A Delta Police officer has received an award of recognition for his work to foster equity, diversity and inclusion not only in his department, but in the community of Delta as well.
Earlier this month, the Canadian Association of Chiefs of Police (CACP) gathered in Quebec City for its annual general meeting. Beyond the business of policing in the nation, this event allowed the CACP to acknowledge the outstanding efforts of police officers across the country.
Const. Joel Thirsk was recognized for his exceptional efforts in the Equity, Diversity and Inclusion Unit (EDIU) as he was the recipient of the CACP/Axon Equity, Diversity and Inclusion Leadership Award.
According to DPP, through his leadership, Thirsk has worked extremely hard this year to advance a greater sense of belonging of DPD members internally and externally throughout the community. Within the EDIU portfolio, Thirsk has created a supportive environment where cultural, ethnic, racial, gender, language and other human differences are nurtured and championed.
“I was very proud to represent the department. Very humbled to be there to receive the award myself, but also encouraged that the hard work we have been putting in as a unit and as a department is being recognized and paying off,” he said. “We are putting in the time, asking the hard questions. To be recognized for that effort as part of an on-going journey was very humbling.”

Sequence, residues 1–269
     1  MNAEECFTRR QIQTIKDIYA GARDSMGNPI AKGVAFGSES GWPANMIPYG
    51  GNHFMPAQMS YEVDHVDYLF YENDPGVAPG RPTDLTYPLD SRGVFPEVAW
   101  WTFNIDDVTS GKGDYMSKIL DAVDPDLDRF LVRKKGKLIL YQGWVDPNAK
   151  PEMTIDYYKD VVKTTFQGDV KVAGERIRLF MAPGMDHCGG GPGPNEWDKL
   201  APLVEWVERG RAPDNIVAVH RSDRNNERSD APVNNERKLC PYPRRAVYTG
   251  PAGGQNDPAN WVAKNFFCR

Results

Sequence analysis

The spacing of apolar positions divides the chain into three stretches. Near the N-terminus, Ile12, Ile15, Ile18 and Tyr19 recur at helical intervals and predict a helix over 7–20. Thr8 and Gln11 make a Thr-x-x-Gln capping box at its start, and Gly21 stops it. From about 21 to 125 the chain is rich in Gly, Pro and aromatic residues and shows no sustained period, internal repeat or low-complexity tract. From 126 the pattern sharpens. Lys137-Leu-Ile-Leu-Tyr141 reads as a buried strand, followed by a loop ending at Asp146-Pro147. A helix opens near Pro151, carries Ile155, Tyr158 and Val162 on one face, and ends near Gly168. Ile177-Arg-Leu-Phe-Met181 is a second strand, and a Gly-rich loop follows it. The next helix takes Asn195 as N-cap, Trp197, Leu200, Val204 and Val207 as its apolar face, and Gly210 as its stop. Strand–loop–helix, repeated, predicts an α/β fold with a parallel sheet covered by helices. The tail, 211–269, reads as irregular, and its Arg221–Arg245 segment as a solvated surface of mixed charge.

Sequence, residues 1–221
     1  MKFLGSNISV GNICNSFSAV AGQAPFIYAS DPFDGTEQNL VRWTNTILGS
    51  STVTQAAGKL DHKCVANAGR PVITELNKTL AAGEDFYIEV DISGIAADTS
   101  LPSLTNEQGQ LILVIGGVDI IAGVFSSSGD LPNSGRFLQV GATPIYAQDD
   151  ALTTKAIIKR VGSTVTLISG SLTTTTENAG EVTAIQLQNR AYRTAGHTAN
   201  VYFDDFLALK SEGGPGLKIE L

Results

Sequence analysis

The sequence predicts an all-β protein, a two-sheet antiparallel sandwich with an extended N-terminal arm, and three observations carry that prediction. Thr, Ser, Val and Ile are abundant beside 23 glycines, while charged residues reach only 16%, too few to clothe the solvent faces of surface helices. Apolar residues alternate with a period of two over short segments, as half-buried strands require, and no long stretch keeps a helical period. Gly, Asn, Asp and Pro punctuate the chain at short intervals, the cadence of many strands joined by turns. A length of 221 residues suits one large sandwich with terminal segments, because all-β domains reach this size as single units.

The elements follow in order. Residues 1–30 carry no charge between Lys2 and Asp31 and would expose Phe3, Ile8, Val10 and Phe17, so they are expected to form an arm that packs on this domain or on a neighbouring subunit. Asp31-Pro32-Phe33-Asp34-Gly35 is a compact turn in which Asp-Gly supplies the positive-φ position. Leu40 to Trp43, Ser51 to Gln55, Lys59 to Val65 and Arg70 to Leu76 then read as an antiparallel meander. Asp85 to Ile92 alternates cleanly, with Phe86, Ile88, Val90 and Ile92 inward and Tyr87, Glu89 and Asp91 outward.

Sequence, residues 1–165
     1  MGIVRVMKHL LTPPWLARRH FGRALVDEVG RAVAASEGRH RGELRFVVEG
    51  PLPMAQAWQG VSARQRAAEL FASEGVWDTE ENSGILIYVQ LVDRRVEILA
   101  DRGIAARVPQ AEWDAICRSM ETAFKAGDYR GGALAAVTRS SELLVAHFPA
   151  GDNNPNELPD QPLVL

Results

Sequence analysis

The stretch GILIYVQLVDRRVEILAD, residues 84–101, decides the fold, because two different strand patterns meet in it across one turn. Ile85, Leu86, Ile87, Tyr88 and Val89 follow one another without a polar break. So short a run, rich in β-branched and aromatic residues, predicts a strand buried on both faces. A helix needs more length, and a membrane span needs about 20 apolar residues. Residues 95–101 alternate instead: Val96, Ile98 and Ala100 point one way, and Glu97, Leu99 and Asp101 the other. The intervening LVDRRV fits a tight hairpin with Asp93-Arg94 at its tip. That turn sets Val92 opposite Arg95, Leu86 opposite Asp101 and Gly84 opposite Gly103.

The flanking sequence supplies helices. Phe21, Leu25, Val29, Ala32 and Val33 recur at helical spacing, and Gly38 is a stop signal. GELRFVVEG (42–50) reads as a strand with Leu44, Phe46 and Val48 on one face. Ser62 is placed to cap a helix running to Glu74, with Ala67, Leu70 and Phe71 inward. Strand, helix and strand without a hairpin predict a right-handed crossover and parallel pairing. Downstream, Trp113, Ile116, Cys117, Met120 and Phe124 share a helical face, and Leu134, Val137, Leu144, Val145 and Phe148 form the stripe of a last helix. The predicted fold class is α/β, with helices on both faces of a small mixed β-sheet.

Thirsk implemented the DPD’s Equity, Diversity and Inclusion Roadmap initiative that established extensive internal and community engagement in all matters of EDI with a focus on emerging and existing issues.
He also created and distributed the Hate Crime Tool Kit and delivered training to members on anti-racism, discrimination, active bystandership, mindfulness, systemic racism and unconscious bias.
“The work of EDIU is societal. Policing represents just one small part of the work that needs to be done. I’m proud to be a part of a profession that is doing our best to move forward progressively. To have the award recognize that work from across the country, certainly was encouraging.”
The CACP co-chair of the Equity, Diversity and Inclusion Committee Deputy Chief Farica Prince said the reach and impact of Thirsk’s initiatives began within his police service and community but are now being felt across the province and are influencing and inspiring EDI at a national level.
“The leadership demonstrated by Const. Thirsk in receiving this national award for developing the Equity, Diversity and Inclusion program in the DPD is nothing short of exceptional,” added DPD Chief Neil Dubord. “Const. Thirsk has created a path for the DPD to continue this important journey of continuous improvement.”